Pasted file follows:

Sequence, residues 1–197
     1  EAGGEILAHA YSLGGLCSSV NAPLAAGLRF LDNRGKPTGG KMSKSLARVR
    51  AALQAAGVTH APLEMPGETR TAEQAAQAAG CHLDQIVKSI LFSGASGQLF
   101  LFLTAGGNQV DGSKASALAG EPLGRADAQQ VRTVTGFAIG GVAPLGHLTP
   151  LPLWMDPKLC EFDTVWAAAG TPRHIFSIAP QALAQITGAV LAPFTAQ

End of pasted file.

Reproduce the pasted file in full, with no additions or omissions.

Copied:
Sequence, residues 1–197
     1  EAGGEILAHA YSLGGLCSSV NAPLAAGLRF LDNRGKPTGG KMSKSLARVR
    51  AALQAAGVTH APLEMPGETR TAEQAAQAAG CHLDQIVKSI LFSGASGQLF
   101  LFLTAGGNQV DGSKASALAG EPLGRADAQQ VRTVTGFAIG GVAPLGHLTP
   151  LPLWMDPKLC EFDTVWAAAG TPRHIFSIAP QALAQITGAV LAPFTAQ